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7th Cavalry Marching Across Desert

Aired March 21, 2003 - 03:11   ET


ANDERSON COOPER, CNN ANCHOR: What you are looking at on the side of your screen is a picture, a live picture with the 7th Cavalry. Walt Rodgers riding in a Humvee embedded with the 7th Cavalry, moving very quickly through the Iraq desert. Target: Baghdad.
Walt, what is the latest? Looks like you are on the move again.

WALTER RODGERS, CNN SENIOR INTERNATIONAL CORRESPONDENT: Anderson, that is the case. Most of the tanks, nearly all of the tanks and armored vehicles in the 3rd Squadron, U.S. Army 7th Cavalry, have been refueled. You can see them starting to move across the desert. The pattern of movement here is a great fan-shaped movement. There are several advantages to that, of course. They cover more ground, take more territory, clear more way for the 3rd Infantry division, which will follow on in their path.

Another reason, of course, is that the more widely spread out these vehicles are, the smaller the target they would be for a potential hostile force.

As you look out over the horizon now, you can see the Bradley armored vehicles out there, probably 150 to 200 yards apart. There is another Bradley rolling closer to us there. That particular Bradley is a battlefield coordinator -- not so much a scouting vehicle. Look at the all the aerials on it. The do a lot of the coordination of the battle between the tanks and the -- and the fighting vehicles. There you can see other units racing forward. We -- the 7th Cavalry, with CNN in tow is about to begin -- or resume its sprint toward Baghdad. Of course, it is going to be a ways yet, because every 8 hours or so, these cavalry columns have to refuel. But the ground is a little better now. The road is better now.

Or -- at least I spoke too soon. Now it is a washboard.

But you can see the armored tracked vehicles moving through the desert, kicking up those huge plumes of smoke, and -- as I say, they are proceeded to their first objective -- Anderson.

COOPER: Walt, one of the fears I guess every soldier has, fratricide, the dangers of friendly fire. I am imagining when you are out in front, that danger increases. How -- I don't know if you can say -- are there ways that the 7th Cavalry are protecting themselves, or do they have a distinctive signature of some sort. I mean -- how big a concern is friendly fire at this point, when you are that far out in front?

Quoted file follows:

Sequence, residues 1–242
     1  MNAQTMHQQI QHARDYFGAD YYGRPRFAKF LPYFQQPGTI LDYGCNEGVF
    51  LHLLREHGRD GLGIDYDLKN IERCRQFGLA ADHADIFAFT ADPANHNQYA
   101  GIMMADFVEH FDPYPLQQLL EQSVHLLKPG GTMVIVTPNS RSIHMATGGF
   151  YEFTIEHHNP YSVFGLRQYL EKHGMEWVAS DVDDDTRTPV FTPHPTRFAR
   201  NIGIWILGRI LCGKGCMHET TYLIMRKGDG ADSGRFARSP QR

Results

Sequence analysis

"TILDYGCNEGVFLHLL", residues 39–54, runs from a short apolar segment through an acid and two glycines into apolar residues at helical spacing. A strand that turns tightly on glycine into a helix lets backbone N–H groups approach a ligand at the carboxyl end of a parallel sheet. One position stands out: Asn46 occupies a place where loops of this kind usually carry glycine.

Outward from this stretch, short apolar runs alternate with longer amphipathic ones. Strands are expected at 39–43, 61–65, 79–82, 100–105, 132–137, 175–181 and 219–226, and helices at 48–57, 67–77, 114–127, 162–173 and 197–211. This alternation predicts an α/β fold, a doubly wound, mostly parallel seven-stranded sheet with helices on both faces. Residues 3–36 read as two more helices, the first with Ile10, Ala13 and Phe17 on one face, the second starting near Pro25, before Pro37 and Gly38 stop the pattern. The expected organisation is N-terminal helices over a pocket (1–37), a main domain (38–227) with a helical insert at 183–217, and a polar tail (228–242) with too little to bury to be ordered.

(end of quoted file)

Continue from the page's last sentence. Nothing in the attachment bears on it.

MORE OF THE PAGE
RODGERS: Well, in the military, that is called blue on blue, and yes, they are always concerned about it, but they practice and they rehearse, and there is a vehicle over there, I think perhaps you can see it in the distance. It has got four or five antennas sticking up, and it is -- although a cavalry vehicle, it has an all Air Force crew on board, and those are the Air Force ground coordinators travelling with the 7th Cavalry.

Their goal, their mission, is to stay in contact with any Air Force units which may be in the skies overhead, to make sure that none of those Air Force units strike at their own troops in the 7th Cavalry.

There are even more basic precautions taken. In the distance, for example, I can see the Bradleys sitting out on the horizon. You will see like a small orange tarpaulin over the back of them, and that is to illumine the vehicles, including the one we are travelling in. Illumine those vehicles to pilots in the sky, so that if they see that orange banner on top of them, they know not to fire or unload bombs or other weaponry on those vehicles because they are vehicles travelling with the U.S. military at this point.

There are other -- also somewhat more secret elements on some of these Bradley fighting vehicles. That Bradley over there has -- you see like louver panels on them, almost like a Venetian blind on the side. That is a panel which makes the tank identifiable to friendly aircraft in the skies above, signaling to that aircraft electronically that that is not a vehicle to be struck by the allied air forces -- Anderson.